It's funny to think that not much more than five years ago, Google was just a search engine. Yes, the most popular one, but still. Today, the company seems to be hell-bent on getting fingers in just about every pie going, even if it has to grow new hands to do it.
Its foray into mobile OS building has been particularly successful of course, but a couple of stories about Android have surfaced today that suggest Google's big-time status may be starting to affect it just a little bit.
Microsoft has had a lot of success over the years, and plenty of great software. But I think it's fair to say that when Microsoft accuses another company of anti-trust violations, it's worth paying attention.
Now there's probably a reasonable case here for a bit of pot and kettle imagery over Microsoft's allegation that Google is engaging in anti-trust practice over how it handles search in YouTube. But what it does do is create the clear picture that when it comes to the web, Google is the big fish and Microsoft is the minnow feeding off the scraps. Feeding well, yes, but nonetheless the weaker party.
That Big Kid status once belonged to Microsoft, of course, and Bill Gates will no doubt be the first to tell you that being the Big Kid also makes you the biggest target, and requires you to act differently.
Put it this way: many developers come up with their own video players that are only available on a single platform. No problem. But if your video player is one everyone wants and you restrict your efforts still to a single platform, suddenly all other platforms will be up in arms.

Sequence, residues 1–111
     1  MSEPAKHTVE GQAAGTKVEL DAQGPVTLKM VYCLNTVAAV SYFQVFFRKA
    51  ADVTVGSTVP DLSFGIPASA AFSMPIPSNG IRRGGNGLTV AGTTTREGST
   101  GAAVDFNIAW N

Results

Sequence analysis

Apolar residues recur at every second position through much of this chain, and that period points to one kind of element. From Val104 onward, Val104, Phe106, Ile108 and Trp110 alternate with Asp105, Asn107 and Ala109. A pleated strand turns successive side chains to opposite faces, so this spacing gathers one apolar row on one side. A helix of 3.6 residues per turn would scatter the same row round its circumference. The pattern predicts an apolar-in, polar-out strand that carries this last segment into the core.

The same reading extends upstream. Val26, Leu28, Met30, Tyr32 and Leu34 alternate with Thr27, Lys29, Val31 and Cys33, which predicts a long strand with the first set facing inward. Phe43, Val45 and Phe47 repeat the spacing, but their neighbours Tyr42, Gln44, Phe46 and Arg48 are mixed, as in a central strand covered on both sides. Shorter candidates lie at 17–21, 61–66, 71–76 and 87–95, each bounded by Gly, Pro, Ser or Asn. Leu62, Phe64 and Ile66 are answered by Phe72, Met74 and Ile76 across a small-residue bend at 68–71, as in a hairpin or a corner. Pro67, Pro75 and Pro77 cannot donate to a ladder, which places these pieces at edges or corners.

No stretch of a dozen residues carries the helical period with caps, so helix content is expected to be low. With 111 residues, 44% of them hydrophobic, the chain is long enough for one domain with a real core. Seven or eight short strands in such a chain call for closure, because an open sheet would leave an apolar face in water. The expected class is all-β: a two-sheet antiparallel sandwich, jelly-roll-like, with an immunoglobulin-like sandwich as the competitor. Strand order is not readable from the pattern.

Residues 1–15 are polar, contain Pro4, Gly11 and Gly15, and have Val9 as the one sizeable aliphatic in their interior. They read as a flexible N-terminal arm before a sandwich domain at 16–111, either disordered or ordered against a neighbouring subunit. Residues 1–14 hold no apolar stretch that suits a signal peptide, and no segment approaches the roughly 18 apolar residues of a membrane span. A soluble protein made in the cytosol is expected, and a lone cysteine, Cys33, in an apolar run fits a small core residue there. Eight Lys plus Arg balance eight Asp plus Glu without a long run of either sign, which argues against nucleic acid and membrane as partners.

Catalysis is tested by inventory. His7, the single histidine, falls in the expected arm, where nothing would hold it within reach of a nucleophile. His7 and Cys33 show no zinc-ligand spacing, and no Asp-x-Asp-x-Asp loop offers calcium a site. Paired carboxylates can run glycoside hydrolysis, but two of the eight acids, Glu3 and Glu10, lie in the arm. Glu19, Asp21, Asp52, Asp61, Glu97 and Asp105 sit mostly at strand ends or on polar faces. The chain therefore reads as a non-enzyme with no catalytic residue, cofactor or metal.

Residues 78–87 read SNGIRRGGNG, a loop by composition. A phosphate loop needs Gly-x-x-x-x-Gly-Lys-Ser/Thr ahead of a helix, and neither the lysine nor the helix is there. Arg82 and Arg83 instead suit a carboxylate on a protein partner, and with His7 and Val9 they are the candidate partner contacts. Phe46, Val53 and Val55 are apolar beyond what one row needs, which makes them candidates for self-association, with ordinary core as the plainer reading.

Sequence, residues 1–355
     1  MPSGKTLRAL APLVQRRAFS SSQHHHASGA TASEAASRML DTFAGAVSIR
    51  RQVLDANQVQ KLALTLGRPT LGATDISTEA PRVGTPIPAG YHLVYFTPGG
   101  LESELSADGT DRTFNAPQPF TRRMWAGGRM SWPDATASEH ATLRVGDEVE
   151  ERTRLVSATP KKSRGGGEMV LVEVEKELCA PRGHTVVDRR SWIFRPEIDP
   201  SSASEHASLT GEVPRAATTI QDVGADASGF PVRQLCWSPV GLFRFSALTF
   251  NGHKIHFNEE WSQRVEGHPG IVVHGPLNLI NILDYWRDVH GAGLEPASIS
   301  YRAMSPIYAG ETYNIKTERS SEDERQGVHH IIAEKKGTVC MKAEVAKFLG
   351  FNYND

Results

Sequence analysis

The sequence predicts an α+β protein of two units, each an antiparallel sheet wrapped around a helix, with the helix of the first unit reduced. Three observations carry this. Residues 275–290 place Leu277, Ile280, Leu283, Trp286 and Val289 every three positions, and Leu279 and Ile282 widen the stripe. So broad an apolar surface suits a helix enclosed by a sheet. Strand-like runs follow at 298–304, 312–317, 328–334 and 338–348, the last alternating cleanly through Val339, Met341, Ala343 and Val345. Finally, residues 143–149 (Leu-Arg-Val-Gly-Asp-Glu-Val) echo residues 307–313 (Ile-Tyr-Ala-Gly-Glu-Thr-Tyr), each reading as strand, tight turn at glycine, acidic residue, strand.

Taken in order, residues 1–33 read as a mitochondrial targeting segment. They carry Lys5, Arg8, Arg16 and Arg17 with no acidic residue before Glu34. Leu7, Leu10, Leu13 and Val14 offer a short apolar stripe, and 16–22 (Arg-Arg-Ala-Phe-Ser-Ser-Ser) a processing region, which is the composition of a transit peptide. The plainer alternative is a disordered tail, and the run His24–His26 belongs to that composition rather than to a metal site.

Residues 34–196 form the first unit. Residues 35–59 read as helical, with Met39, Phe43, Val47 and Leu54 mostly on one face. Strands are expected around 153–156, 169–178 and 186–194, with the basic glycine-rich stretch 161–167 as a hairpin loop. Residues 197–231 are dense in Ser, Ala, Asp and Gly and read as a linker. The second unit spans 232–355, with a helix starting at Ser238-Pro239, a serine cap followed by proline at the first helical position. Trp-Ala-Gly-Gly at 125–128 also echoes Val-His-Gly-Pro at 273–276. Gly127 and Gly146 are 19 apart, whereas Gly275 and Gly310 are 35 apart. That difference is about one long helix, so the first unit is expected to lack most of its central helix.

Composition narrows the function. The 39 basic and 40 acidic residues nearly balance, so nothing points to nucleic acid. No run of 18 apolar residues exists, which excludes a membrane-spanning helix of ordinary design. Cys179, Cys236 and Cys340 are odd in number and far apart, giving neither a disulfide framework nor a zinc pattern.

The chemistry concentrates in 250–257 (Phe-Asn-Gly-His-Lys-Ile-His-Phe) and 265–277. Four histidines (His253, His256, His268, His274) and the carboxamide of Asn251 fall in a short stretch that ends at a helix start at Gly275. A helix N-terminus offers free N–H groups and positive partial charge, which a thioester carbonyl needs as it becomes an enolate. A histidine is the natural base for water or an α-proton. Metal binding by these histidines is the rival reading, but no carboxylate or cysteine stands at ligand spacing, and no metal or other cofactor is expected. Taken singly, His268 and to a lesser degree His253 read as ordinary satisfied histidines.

Google's having the same problem when it comes to Android fragmentation. A huge range of electronics companies, some in the same heavyweight league as Google itself, are using Android, and at present each of them is responsible for updating their own devices. With a good few versions of the OS currently going, the result is frankly a mess of different versions and different interfaces.
How does Google keep the whole thing from falling apart as more and more OEMs hitch up to give Android yet another twist? By doing exactly what it's doing now – tightening up just what you can do to the supposedly open-source OS, and requiring manufacturers to agree to some kind of update agreement to help control fragmentation.
Given what Android is supposed to stand for, is that a move we should be happy about? Of course not. But it's not even the slightest bit surprising given how big Google has become. Anyone who thinks otherwise needs to have a look at Google's bottom line. That's probably what's motivating Microsoft, after all.